16For of His fullness we have all received, and grace upon grace.
16And of his fulness have all we received, and grace for grace.
In this sermon on John 1:16 titled “Married to Christ,” Dr. Martyn Lloyd-Jones addresses the dividing the work of the Holy Spirit in the life of the believer. He shows the distinction between the carnal person and the spiritual person. He identifies the former as an unbeliever, and the latter as the state of the Christian. He shows that the carnal person chases after worldly and fleshly things, while the spiritual person pursues spiritual pursuits. The carnal person is shortsighted and blind and their eyes are only on the things of this life that will perish, fade or be destroyed. The Christian is bent on eternal realities and drawing near to the Lord. Dr. Lloyd-Jones asks the listener if their eyes have been opened to value eternal realities. He questions if the forgiveness of sin is a warmth to the soul or does money, fame, and power hold sway as the only authority. Moreover, Dr. Lloyd-Jones discusses the beautiful reality that the old master, the law, has perished and now Christians are wed to Christ and His grace. The Spirit works about this unity that believers have with Christ. Listen and hear what realities the Spirit of God instills into the hearts of believers.
- The sermon focuses on John 1:16 which states "And of his fullness have all we received, and grace for grace." This verse summarizes the Christian gospel.
- To receive from Christ's fullness and grace upon grace is the test of whether one is truly a Christian. If one cannot say this with confidence, one cannot be sure they are a Christian.
- The sermon considers how Christ's fullness becomes ours and how we receive grace upon grace. 1 Corinthians 1:30 states that Christ is our wisdom, righteousness, sanctification and redemption.
- The sermon focuses on sanctification - the process of being made holy. Sanctification is a process of God's free grace by which we are renewed in God's image and enabled to die to sin and live to righteousness.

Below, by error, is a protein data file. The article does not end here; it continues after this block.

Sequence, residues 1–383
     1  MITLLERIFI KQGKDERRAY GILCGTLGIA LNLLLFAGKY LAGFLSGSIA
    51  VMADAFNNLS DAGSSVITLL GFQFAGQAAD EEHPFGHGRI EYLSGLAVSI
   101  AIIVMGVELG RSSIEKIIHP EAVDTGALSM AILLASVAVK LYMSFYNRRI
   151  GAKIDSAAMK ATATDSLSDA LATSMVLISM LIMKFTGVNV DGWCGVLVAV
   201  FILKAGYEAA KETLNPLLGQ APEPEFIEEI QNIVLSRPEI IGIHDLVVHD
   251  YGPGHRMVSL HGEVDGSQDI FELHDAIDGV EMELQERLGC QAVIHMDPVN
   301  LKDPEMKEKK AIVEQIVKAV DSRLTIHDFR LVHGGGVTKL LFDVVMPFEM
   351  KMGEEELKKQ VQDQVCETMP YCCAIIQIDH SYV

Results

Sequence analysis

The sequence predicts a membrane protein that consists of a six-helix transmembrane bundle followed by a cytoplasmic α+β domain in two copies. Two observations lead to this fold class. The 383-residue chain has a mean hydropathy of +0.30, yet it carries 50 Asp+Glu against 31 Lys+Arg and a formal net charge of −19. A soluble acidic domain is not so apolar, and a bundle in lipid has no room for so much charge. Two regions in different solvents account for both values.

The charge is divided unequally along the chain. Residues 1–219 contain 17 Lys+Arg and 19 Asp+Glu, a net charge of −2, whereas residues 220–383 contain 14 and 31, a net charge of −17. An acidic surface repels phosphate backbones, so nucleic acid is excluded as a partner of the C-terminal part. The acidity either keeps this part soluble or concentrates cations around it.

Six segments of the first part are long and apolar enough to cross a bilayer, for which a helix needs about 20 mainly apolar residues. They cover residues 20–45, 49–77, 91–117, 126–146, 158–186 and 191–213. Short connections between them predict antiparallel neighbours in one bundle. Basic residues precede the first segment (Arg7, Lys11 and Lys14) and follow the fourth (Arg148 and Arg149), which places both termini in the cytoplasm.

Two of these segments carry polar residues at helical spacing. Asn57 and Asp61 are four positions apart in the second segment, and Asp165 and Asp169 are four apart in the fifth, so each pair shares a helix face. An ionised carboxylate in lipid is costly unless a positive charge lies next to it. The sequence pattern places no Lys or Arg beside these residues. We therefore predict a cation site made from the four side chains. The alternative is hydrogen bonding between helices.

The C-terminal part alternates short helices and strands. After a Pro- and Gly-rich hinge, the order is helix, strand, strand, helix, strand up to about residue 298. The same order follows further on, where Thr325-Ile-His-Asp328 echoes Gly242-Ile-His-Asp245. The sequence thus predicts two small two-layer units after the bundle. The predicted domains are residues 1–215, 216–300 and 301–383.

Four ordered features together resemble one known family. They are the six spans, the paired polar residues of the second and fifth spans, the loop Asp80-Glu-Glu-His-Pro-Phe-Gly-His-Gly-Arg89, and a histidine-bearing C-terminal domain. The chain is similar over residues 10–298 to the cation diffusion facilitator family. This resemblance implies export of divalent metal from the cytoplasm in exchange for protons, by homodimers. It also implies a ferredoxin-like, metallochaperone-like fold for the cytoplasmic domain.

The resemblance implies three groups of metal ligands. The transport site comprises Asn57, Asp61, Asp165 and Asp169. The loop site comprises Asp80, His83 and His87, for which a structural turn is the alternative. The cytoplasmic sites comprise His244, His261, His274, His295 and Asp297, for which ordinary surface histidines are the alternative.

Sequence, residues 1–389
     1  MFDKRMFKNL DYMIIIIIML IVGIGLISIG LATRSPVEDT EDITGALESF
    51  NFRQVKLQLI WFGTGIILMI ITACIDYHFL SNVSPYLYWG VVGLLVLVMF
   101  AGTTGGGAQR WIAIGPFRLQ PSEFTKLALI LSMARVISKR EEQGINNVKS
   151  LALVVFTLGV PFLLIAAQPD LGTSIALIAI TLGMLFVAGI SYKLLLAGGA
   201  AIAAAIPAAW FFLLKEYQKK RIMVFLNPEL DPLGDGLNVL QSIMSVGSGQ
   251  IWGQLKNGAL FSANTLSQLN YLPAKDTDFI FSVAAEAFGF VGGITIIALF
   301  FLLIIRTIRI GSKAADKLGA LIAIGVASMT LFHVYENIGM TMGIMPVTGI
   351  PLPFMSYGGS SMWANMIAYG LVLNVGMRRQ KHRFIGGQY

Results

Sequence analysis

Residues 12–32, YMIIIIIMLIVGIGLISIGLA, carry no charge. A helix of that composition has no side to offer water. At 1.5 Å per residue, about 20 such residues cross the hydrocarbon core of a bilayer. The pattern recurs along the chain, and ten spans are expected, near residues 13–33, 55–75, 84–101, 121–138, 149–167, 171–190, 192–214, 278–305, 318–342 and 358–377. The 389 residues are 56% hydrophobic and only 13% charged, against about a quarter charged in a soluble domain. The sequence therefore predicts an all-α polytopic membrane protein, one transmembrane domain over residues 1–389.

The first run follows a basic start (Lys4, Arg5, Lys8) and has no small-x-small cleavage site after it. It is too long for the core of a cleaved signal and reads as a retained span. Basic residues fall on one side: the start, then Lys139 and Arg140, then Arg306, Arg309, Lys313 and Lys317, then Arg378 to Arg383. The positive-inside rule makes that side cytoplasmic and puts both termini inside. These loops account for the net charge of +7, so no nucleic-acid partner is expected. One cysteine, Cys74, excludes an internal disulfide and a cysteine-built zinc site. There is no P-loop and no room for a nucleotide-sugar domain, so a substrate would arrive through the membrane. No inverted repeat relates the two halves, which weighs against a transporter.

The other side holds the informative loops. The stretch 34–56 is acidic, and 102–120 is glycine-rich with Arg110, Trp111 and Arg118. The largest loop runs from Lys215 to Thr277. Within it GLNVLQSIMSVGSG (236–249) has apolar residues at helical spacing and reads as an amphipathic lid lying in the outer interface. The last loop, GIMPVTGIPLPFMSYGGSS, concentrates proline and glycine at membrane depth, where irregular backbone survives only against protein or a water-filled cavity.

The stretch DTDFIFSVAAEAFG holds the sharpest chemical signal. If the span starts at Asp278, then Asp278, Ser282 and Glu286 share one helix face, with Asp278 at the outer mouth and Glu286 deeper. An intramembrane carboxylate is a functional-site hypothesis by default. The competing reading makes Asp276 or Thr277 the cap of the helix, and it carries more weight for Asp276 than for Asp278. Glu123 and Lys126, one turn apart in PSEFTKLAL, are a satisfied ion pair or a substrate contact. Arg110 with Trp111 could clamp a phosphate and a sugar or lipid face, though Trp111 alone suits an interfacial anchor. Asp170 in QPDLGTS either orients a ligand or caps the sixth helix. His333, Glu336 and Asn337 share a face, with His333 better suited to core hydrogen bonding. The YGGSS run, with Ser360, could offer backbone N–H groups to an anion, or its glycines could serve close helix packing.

- Negatively, sanctification means we are dead to sin and the law. Positively, sanctification is the work of the Holy Spirit who mediates Christ to us.
- The Holy Spirit separates us from the world and regenerates us, giving us new life. The Holy Spirit also baptizes us into the body of Christ, the church.
- The Christian life is life in the Spirit. It is only possible because of Christ and his work. Having been born again by the Spirit, the Christian lives a new kind of life.
- The apostle Paul describes this new life in Romans 7 and 8. In Romans 7:4, Christians have died to the law and are married to Christ to bear fruit for God.
- There are only two possibilities: life in the flesh or life in the Spirit. There is no middle ground. Non-Christians live according to the flesh while Christians live according to the Spirit.
- Those in the flesh are interested in fleshly things but those in the Spirit are interested in spiritual things. The fleshly mind is death but the spiritual mind is life and peace. The fleshly mind is hostile to God but the spiritual mind can please God.
- This understanding of life in the Spirit is key to understanding New Testament sanctification. Sanctification is not a formula but understanding doctrine and being united to Christ by the Spirit.
- The test of whether one is a Christian is whether one can say they were once in the flesh but now live in the Spirit, however imperfectly. Christians have new life in Christ and bear fruit for him, not themselves.
The Book of John
Dr. Martyn Lloyd-Jones
Dr. Martyn Lloyd-Jones (1899-1981) was a Welsh evangelical minister who preached and taught in the Reformed tradition. His principal ministry was at Westminster Chapel, in central London, from 1939-1968, where he delivered multi-year expositions on books of the bible such as Romans, Ephesians and the Gospel of John. In addition to the MLJ Trust’s collection of 1,600 of these sermons in audio format, most of these great sermon series are available in book form (including a 14 volume collection of the Romans sermons), as are other series such as "Spiritual Depression", "Studies in the Sermon on the Mount" and "Great Biblical Doctrines". He is considered by many evangelical leaders today to be an authority on biblical truth and the sufficiency of Scripture.